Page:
EXPLANATION: What Twitter’s ‘poison pill’ is supposed to do

Twitter is trying to thwart billionaire Elon Musk’s takeover attempt with a “poison pill,” a financial device that companies have been using against unwanted suitors for decades.

Twitter is trying to thwart billionaire Elon Musk’s takeover attempt with a “poison pill,” a financial device that companies have been using against unwanted suitors for decades.

WHAT ARE POISON PILLS SUPPOSED TO DO?

The ingredients in each poison pill vary, but all are designed to give corporate boards the option of flooding the market with so many newly created shares that a takeover becomes prohibitively expensive. The strategy was popularized in the 1980s when publicly traded companies were being hounded by corporate raiders like Carl Icahn, now more often described as “activist investors.”

Twitter did not disclose the details of its poison pill on Friday, but said it would provide more information in an upcoming filing with the Securities and Exchange Commission, which the company delayed because public markets were closed on Friday.

The San Francisco company’s plan will be activated if a shareholder accumulates a 15% stake or more. Musk, best known as CEO of electric carmaker Tesla, currently owns a roughly 9% stake.

CAN A POISON PILL BE A NEGOTIATION STRATEGY?

Although they are supposed to help prevent an unsolicited takeover, poison pills often also open the door to more negotiations that can force a bidder to sweeten the deal. If a higher price makes sense to the board, a poison pill can simply be thrown away along with the acrimony it caused, clearing the way for a sale to be completed.

The adoption of a poison pill also frequently gives rise to lawsuits alleging that a company’s board of directors and management team use the tactic to retain their jobs against the best interests of shareholders. These complaints are sometimes filed by shareholders who think a takeover bid is fair and want to charge at that price or by the bidder competing to make the purchase.

HOW DID ELON MUSK REACT TO THE TWITTER AD?

Musk, a prolific tweeter with 82 million Twitter followers, had no immediate reaction to the company’s poison pill. But on Thursday he indicated that he was ready to wage a legal battle.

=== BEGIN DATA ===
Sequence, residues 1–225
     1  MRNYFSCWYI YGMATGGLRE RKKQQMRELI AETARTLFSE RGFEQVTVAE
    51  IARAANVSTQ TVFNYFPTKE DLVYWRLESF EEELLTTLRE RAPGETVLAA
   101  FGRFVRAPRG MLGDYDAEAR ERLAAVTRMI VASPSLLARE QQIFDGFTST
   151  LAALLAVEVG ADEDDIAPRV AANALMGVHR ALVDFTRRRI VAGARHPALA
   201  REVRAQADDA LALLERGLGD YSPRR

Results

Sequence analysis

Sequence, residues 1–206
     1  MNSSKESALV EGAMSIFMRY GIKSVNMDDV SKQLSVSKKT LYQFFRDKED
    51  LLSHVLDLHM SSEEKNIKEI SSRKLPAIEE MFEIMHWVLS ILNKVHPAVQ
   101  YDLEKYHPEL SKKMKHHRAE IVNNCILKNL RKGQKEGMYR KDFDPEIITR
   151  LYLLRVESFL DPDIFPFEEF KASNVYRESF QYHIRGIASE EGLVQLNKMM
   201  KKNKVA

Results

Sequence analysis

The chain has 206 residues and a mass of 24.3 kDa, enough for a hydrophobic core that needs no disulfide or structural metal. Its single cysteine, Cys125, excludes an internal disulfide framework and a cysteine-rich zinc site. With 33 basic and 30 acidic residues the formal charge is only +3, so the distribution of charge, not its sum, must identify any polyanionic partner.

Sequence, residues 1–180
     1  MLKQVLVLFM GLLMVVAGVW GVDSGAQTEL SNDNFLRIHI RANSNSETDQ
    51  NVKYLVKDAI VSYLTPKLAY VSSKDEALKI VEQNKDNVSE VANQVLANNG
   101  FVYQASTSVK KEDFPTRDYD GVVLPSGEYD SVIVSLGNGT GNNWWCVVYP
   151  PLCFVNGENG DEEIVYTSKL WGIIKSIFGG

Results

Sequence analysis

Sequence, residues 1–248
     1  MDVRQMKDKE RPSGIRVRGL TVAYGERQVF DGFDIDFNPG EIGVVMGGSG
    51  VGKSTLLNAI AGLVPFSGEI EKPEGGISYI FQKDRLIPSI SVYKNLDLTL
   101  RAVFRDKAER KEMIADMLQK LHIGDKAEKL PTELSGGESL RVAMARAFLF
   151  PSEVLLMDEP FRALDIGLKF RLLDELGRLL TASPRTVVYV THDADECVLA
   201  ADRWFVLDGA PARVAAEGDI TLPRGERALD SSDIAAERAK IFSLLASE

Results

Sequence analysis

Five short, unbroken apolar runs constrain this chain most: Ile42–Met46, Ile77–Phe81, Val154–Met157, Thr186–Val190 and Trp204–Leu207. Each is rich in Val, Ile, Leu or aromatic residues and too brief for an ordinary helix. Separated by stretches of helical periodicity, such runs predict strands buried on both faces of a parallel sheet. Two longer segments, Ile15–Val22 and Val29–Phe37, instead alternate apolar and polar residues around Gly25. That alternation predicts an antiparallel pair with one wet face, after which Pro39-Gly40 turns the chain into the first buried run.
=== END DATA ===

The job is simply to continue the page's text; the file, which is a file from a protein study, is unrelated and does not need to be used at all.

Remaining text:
“If the current Twitter board takes action contrary to the interests of shareholders, it would be in breach of its fiduciary duty,” Musk tweeted. “The responsibility they would take on would be on a titanic scale.”

Musk has publicly said his $43 billion offer is his best and last offer for Twitter, but other corporate suitors have made similar claims before finally upping the ante. With an estimated fortune of $265 billion, Musk appears to have deep enough pockets to raise his offer, though he is still figuring out how to finance the proposed purchase.

HOW HAS THIS DEFENSE WORKED IN THE PAST?

Takeover fights often break down into games involving poison pills and other maneuvers designed to make buying difficult. That’s what happened in one of the largest and longest takeover balls in Silicon Valley history.

After enterprise software maker Oracle made an unsolicited $5.1 billion bid for smaller rival PeopleSoft in June 2003, the two companies spent the next 18 months fighting each other.

As part of its defense, PeopleSoft not only adopted a poison pill that authorized the board to flood the market with more stock, but also created what it called a “customer guarantee program.” That plan promised to pay customers five times the cost of their shares. software licenses if PeopleSoft was sold in the next two years, creating an estimated liability of up to $800 million for an acquiring company.

PeopleSoft also received other help when the US Department of Justice filed an antitrust lawsuit to block a takeover, although a judge ruled in Oracle’s favor.

Although the company ended up being sold to Oracle, PeopleSoft’s defense strategy paid off for its shareholders. Oracle’s final purchase price was $11.1 billion, more than double the original offer.

New Technology Era

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